A very disturbing incident happened during James’ retirement stage in 2015, as he was in New York for the US Open, a plainclothes NYPD officer tackled and handcuffed him while he was just standing in front of a hotel, allegedly mistaken for a credit card fraud suspect.
This, of course, was at a time when police brutality and murder of black males and females were approaching a “boiling point” epidemic. Colin Kaepernick’s involvement was to be seen nearly a year later.
The NYPD tried to steer away from racial profiling as the reason for the egregious mistake; however, Blake did file a lawsuit, then rescinded it because he wasn’t seeking financial gain. Instead, he wanted to establish a fellowship to help victims of police brutality and investigate police misconduct.
This significant event prompted the ‘Ways of Grace’ book, that was published in 2017 and gave the readers insight into his activism and how the New York police aggressiveness affected him.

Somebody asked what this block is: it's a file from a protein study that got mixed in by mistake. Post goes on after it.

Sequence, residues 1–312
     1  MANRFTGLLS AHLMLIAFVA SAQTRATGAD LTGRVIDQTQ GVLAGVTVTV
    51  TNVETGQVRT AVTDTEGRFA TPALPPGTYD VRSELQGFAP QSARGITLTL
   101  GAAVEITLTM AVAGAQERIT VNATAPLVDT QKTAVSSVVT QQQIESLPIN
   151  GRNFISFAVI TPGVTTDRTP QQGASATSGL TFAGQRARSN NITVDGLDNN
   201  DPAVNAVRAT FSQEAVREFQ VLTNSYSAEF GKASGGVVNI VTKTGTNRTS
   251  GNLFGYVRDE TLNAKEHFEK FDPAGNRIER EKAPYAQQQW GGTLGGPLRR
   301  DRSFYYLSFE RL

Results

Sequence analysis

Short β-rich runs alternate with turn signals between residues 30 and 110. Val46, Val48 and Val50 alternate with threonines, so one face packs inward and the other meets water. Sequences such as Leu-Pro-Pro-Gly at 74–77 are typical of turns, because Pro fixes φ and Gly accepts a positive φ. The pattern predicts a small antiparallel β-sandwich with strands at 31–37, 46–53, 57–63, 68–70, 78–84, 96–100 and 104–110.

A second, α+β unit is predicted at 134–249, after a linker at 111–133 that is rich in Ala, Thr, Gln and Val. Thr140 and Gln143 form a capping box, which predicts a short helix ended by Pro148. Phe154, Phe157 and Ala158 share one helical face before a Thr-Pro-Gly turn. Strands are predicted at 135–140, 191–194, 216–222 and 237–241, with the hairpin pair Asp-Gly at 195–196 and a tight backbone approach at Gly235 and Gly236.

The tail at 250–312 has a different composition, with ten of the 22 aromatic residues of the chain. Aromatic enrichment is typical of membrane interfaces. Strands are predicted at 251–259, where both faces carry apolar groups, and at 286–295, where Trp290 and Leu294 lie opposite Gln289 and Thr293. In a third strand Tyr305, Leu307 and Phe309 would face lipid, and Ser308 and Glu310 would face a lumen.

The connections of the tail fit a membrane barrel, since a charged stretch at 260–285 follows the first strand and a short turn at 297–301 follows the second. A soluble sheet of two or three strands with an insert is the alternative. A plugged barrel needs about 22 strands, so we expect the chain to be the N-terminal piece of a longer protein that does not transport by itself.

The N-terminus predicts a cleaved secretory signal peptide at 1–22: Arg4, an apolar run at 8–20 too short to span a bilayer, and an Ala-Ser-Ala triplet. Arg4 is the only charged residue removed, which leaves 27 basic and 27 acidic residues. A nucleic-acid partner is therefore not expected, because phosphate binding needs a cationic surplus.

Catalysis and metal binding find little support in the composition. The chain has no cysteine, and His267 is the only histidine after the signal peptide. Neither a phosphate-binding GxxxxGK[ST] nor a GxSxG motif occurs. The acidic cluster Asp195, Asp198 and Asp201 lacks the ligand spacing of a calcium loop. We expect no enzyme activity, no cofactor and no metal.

Of course, the officer in question felt he was portrayed incorrectly in the book because he allegedly felt that Blake looked exactly like the person of interest they were supposedly staking out.
He sued James for defamation, claiming he made him look like a racist, rogue bad cop; however the case was subsequently dropped in 2018.
As Blake approaches the milestone birthday of the BIG 4-0, he can reflect on how much he has accomplished and experienced in such a short lifespan, and hopefully has plenty of time to reach higher heights.
When James turns 40 on December 29, he will not only be in the Middle Age Zone, but he may also have the distinction of claiming back-to-back Invesco Series points championships, along with gifts from the family, I’m sure.